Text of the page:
Photo: AP Images
The December Richmond Fed Manufacturing Index is out and it’s a miss.The headline number fell to 5 from 9 in November. Economists were looking for a reading of 8.
“Looking at the broad indicators of activity, new orders were virtually unchanged, shipments grew more slowly, and employment declined,” wrote the Richmond Fed. “Other indicators were mixed. Capacity utilization turned positive, while backlogs fell further. Moreover, the gauge for delivery times inched higher, while finished goods inventories grew at a slightly slower pace and growth in raw materials inventories edged higher.”
The survey tracks manufacturing activity in the central Atlantic region of the U.S.
Here’s some more colour from the report:
In December, the seasonally adjusted composite index of manufacturing activity—our broadest measure of manufacturing—lost four points, settling at 5 from November’s reading of 9. Among the index’s components, shipments fell five points to 6, the gauge for new orders was almost unchanged at 10, and the jobs index turned negative, losing six points to -3.
Other indicators varied. The index for capacity utilization moved higher, adding six points to 3, while the backlogs of orders slipped two points to end at -11. The delivery times index picked up three points to 3, while our gauges for inventories were mixed in December. The raw materials inventory index gained three points to finish at 24, while the finished goods lost seven points to12.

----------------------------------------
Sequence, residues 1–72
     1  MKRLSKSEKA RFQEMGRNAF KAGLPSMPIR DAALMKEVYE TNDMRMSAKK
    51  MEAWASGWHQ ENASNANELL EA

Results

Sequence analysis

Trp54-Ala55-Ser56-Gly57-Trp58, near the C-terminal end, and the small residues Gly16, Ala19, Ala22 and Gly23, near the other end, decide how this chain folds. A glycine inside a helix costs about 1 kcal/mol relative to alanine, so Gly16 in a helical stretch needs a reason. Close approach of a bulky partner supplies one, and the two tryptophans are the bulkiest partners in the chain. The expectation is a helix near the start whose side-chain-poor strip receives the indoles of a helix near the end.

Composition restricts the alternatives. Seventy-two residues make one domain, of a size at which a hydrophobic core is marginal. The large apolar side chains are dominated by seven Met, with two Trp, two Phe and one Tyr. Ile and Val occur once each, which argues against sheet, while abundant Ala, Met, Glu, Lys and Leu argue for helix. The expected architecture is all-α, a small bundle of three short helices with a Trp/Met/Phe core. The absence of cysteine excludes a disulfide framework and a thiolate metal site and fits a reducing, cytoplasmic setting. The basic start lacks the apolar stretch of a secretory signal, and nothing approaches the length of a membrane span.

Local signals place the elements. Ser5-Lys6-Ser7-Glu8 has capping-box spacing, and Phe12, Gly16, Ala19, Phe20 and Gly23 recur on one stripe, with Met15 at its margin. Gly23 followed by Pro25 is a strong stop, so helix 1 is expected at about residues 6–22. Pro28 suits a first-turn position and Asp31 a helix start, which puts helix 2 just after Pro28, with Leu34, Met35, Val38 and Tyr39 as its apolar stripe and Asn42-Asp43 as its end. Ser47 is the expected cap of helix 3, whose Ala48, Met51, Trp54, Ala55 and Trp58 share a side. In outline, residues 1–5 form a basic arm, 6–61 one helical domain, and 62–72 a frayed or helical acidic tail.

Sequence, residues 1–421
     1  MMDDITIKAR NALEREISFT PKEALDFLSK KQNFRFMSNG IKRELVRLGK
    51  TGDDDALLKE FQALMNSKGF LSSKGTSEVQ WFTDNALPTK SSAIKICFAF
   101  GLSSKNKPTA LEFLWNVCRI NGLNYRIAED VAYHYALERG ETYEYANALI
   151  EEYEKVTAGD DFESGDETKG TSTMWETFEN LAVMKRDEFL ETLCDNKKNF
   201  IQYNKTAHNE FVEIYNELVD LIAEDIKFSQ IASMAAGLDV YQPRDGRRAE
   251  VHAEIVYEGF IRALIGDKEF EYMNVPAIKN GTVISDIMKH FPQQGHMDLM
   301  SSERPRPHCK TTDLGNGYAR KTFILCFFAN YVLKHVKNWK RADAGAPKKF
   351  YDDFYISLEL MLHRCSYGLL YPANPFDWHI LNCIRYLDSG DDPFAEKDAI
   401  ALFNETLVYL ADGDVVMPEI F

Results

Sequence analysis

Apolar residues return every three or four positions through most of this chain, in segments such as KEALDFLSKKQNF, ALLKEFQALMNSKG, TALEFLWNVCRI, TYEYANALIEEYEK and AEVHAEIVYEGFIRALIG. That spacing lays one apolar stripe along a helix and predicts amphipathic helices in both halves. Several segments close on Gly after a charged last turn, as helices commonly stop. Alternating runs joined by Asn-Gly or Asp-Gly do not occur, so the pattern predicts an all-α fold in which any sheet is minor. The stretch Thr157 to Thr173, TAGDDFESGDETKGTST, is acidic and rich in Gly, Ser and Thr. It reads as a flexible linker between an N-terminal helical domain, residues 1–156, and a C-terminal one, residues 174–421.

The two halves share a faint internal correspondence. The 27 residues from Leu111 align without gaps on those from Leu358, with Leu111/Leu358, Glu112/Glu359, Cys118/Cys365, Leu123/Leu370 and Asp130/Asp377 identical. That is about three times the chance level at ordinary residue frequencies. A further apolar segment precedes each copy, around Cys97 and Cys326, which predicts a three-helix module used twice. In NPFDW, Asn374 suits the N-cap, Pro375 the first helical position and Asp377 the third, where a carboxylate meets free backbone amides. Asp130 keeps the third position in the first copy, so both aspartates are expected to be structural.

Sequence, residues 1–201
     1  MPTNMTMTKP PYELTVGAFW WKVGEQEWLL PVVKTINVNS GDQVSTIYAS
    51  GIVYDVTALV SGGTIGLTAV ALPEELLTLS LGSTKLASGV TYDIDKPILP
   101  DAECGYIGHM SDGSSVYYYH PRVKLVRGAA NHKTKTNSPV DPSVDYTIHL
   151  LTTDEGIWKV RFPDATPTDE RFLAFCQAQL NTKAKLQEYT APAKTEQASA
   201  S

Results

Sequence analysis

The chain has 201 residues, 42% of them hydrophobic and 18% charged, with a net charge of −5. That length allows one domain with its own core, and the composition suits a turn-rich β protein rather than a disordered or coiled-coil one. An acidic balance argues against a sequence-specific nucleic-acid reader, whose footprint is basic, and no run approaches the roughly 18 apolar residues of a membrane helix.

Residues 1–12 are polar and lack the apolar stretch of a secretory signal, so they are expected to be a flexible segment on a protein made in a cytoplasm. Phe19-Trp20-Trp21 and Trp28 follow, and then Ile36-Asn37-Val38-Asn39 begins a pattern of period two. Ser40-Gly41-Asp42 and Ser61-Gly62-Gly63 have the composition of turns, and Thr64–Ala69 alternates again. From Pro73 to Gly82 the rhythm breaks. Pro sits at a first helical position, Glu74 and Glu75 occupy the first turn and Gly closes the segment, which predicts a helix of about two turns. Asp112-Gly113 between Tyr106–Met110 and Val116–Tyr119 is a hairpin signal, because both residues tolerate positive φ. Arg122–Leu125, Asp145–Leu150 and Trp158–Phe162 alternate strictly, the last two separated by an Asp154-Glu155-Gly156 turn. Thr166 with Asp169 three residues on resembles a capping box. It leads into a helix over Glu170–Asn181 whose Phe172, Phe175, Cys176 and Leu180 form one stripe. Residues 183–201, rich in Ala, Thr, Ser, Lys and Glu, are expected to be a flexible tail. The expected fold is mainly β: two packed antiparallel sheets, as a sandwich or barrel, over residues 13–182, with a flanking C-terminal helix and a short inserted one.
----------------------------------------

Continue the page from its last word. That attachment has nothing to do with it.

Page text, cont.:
labour market conditions edged lower at District plants in December. The manufacturing employment index turned negative, losing six points to settle at -3, and the average workweek indicator lost four points to end at -2. However, the wage index held steady at 10.
In the current survey, contacts were generally less optimistic about their future business prospects than they reported a month ago. The index of expected shipments lost eight points, ending at a reading of 20, and the new orders index dropped thirteen points to finish at 12. Backlogs moved down nineteen points to 0 and capacity utilization fell eight points to 4. Vendor lead-time declined thirteen points to -3, while readings for planned capital expenditures added five points to end at 9.
District manufacturers’ hiring plans were mixed in December. The index for expected manufacturing employment gained two points to finish at 2, while the average workweek indicator fell eleven points to -5. Furthermore, the index of expected wages shed seven points to end at 21.
District manufacturers reported that raw materials prices increased at an average annual rate of 2.01 per cent, in line with November’s reading of 1.99 per cent. Finished goods prices rose at a 1.57 per cent pace, slightly below November’s reading of 1.72 per cent.
Looking forward, respondents on average expected that the prices they pay will advance at a 2.54 per cent pace, somewhat above November’s outlook of 1.95 per cent. Contacts looked for finished goods prices to increase at a 0.87 per cent annual rate, slightly below last month’s expectation for a 1.29 per cent pace.
Photo: Richmond Fed
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